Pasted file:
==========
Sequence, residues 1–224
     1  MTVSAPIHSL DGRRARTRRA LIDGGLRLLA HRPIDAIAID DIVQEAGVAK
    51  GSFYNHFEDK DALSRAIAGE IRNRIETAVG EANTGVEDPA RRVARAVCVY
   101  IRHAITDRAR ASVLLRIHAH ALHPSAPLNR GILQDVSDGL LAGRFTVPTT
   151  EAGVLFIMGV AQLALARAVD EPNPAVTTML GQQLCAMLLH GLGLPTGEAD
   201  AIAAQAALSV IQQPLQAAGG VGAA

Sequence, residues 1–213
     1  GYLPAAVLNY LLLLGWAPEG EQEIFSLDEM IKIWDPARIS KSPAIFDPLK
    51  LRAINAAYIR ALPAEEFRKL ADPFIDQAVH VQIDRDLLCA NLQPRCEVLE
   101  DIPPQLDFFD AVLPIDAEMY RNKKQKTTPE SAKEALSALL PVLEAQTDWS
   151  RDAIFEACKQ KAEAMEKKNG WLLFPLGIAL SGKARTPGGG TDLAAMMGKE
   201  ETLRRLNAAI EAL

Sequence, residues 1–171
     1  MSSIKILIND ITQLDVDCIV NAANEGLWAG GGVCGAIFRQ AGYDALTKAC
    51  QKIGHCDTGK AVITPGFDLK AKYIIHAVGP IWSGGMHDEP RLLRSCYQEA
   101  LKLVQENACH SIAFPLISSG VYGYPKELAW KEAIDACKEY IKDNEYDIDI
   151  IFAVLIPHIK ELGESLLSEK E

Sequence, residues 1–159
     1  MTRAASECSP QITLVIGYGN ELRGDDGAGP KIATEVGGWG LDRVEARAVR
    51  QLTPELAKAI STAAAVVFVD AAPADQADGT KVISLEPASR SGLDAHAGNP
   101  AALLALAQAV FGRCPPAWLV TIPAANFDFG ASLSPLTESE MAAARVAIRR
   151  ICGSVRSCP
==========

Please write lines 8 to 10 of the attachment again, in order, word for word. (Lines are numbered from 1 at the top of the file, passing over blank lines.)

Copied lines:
     1  GYLPAAVLNY LLLLGWAPEG EQEIFSLDEM IKIWDPARIS KSPAIFDPLK
    51  LRAINAAYIR ALPAEEFRKL ADPFIDQAVH VQIDRDLLCA NLQPRCEVLE
   101  DIPPQLDFFD AVLPIDAEMY RNKKQKTTPE SAKEALSALL PVLEAQTDWS